MUTIUS, with ALARBUS. with black; then Quintus and Lucius. After
Tam. O cruel, irreligious piety! them, Titus ANDRONICUS; and then Tamora, with
Chi. Was ever Scythia half so barbarous ?
Dem. Oppose not Scythia to ambitious Rome. The bearers set down the coffin, and Tirus speaks.
To tremble under Titus' threatening look. Tit. Hail, Rome, victorious in thy mourning Then, madam, stand resolv'd; but hope withal, weeds!
The self-same gods, that arm'd the queen of Troy Lo, as the bark, that hath discharg'd her fraught, With opportunity of sharp revenge Returns with precious lading to the bay,
Upon the Thracian tyrant in his tent,
To quit the bloody wrongs upon her foes.
Re-enter Lucius, Quintus, MARTIUS, and MUTIUS,
with their swords bloody. Stand gracious to the rites that we intend ! Romans, of five and twenty valiant sons,
Luc. Sec, lord and father, how we have performu'd Half of the number that king Priam had,
Our Roman rites : Alarbus' limbs are lopp'd, Behold the poor remains, alive, and dead!
And entrails feed the sacrificing fire, These, that survive, let Rome reward with love; Whose smoke, like incense, doth perfume the sky. These, that I bring unto their latest home,
Remaineth nought, but to inter our brethren, With burial amongst their ancestors :
And with loud 'larums welcome them to Rome. Here Goths have given me leave to sheath my sword. Tit. Let it be so, and let Andronicus Titus, unkind, and careless of thine own,
Make this his latest farewell to their souls. Why suffer'st thou thy sons, unburied yet,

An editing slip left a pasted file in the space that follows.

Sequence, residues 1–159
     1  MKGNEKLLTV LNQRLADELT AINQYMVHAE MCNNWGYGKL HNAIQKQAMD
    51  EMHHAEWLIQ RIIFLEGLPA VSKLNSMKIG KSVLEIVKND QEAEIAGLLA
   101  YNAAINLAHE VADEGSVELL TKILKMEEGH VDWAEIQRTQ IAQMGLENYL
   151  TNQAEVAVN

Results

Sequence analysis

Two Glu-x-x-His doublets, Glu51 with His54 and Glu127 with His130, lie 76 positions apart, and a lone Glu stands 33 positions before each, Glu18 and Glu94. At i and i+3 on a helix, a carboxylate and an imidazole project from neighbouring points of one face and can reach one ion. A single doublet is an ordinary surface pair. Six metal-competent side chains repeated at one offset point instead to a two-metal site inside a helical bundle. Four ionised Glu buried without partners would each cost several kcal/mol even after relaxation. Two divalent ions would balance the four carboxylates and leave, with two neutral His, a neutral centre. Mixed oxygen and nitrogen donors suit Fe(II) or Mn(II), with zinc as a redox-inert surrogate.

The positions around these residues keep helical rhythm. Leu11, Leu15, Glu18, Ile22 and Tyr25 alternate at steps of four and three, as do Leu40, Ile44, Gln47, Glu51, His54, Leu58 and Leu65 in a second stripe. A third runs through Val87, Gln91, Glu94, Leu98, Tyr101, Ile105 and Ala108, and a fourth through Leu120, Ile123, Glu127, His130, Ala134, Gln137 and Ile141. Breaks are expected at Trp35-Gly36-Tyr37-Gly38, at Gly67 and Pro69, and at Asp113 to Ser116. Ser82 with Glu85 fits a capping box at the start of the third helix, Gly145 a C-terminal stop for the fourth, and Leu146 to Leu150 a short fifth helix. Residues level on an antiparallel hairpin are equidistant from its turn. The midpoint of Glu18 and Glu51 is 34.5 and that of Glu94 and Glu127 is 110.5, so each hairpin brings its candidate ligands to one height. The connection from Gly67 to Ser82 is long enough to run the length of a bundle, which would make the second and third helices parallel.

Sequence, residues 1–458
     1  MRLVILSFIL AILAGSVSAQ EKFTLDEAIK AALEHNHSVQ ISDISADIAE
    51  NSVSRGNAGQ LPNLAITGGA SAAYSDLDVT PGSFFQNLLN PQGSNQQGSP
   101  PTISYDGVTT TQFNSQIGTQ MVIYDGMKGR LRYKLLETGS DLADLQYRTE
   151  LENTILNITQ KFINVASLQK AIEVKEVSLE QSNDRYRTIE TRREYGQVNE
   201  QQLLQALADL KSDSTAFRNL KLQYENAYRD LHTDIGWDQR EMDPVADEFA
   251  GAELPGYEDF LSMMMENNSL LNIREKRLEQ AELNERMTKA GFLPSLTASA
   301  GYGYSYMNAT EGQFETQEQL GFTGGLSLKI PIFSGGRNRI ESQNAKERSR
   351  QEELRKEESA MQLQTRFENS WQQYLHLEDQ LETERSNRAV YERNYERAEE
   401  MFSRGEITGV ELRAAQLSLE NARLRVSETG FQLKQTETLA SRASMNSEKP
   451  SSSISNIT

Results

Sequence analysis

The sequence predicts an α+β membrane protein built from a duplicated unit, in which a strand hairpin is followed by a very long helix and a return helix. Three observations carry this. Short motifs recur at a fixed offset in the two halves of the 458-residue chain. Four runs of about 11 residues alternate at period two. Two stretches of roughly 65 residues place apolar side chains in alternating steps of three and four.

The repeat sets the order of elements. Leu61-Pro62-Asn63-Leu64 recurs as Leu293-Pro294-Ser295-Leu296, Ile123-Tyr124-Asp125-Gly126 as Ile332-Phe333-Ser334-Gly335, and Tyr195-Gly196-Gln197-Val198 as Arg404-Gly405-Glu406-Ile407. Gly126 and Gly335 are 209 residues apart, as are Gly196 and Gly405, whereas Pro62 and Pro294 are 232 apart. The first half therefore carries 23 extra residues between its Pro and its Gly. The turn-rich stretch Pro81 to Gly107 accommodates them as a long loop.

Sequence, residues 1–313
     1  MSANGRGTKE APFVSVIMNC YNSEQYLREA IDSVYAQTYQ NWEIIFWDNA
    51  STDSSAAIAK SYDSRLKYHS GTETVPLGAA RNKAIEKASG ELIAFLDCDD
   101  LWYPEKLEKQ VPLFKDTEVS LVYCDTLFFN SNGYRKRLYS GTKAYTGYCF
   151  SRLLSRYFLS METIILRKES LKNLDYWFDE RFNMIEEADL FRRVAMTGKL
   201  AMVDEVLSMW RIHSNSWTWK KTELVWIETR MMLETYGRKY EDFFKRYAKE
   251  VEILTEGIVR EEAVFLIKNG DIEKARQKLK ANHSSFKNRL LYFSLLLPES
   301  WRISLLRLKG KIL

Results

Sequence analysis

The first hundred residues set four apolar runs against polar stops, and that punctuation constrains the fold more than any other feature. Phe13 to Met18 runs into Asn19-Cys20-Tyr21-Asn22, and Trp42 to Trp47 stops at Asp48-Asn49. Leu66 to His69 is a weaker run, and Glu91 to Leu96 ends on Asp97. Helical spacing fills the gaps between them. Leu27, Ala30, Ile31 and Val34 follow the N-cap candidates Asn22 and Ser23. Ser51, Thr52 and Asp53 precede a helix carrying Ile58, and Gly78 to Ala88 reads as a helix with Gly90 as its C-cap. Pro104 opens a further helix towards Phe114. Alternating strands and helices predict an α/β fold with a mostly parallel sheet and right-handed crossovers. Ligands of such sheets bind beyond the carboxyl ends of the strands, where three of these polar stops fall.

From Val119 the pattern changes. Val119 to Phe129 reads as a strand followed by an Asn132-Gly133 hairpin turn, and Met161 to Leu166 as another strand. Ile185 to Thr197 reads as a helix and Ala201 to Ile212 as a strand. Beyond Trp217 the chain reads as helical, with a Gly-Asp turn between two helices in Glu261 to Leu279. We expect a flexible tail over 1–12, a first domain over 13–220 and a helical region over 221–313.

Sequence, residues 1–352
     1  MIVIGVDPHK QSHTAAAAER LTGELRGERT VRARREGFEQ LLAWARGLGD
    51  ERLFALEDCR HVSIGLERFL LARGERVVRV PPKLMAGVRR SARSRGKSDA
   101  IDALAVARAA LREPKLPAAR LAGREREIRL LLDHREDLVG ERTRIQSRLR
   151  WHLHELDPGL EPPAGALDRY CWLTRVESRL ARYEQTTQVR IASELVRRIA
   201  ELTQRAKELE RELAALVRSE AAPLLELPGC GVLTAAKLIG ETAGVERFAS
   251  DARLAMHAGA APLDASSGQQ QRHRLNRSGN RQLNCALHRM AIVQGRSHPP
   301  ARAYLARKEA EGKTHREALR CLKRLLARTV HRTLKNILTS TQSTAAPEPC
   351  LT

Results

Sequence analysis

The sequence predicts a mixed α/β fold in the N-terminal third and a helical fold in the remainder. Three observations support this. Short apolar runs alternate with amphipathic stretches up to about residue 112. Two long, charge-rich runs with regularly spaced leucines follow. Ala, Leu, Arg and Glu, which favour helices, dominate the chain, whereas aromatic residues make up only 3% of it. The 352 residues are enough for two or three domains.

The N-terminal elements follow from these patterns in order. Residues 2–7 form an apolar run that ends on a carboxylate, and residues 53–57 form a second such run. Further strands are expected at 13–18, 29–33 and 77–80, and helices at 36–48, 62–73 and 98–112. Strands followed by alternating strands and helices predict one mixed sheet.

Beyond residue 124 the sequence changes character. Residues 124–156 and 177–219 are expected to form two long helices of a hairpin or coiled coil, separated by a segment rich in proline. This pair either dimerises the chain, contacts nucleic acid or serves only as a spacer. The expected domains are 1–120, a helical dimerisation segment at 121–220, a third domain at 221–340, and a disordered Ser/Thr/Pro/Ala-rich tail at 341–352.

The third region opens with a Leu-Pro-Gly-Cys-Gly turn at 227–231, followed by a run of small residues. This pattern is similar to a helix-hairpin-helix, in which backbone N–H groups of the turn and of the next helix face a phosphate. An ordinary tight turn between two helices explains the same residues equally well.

[Trumpets sounded, and the coffin laid in the tombe To hover on the dreadful shore of Styx !
In peace and honour rest you here, my sons ; Make way to lay them by their brethren.
Rome's readiest champions, repose you here,
[The tomb is opened. Secure from worldly chances and mishaps ! There greet in silence, as the dead are wont, Here lurks no treason, here no envy swells,
Here grow no damned grudges ; here, are no storms, | I will most thankful be: and thanks, to me
Of noble minds, is honourable meed.
7'it. People of Rome, and people's tribunes here, Enter LAYINIA.
I ask your voices, and your suffrages ; In peace and honour rest you here, my sons ! Will you bestow them friendly on Andronicus ?
Lav. In peace and honour live lord Titus long; T'rib. To gratify the good Andronicus, My noble lord and father, live in fame!
And gratulate his safe return to Rome, Lo! at this tomb my tributary tears
The people will accept whom he admits. I render, for my brethren's obsequies;
Tit. Tribunes, I thank you : and this suit I make, And at thy feet I kneel, with tears of joy
That you create your emperor's eldest son, Shed on the earth, for thy return to Rome :
Lord Saturnine; whose virtues will, I hope, O, bless me here with thy victorious hand,
Reflect on Rome, as Titan's rays on earth, Whose fortunes Rome's best citizens applaud. And ripen justice in this common-weal:
Tit. Kind Rome, that hast thus lovingly reserv'd | Then if you will elect by my advice, The cordial of mine age to glad my heart!
Crown him, and say, — Long live our empere ! Lavinia, live; outlive thy father's days,
Mar. With voices and applause of every sort, And fame's eternal date, for virtue's praise ! Patricians, and plebeians, we create
Lord Saturninus, Rome's great emperor ;
And say, — Long live our emperor Saturnine! Mar. Long live lord Titus, my beloved brother, Sat. Titus Andronicus, for thy favours done Gracious triumpher in the eyes of Rome !
To us in our election this day,
And will with deeds requite thy gentleness : Mar. And welcome, nephews, from successful And, for an onset, Titus, to advance wars,
Thy name, and honourable family, You that survive, and you that sleep in fame. Lavinia will I make my emperess, Fair lords, your fortunes are alike in all,
Rome's royal mistress, mistress of my heart, That in your country's service drew your swords : And in the sacred Pantheon her espouse : But safer triumph is this funeral pomp,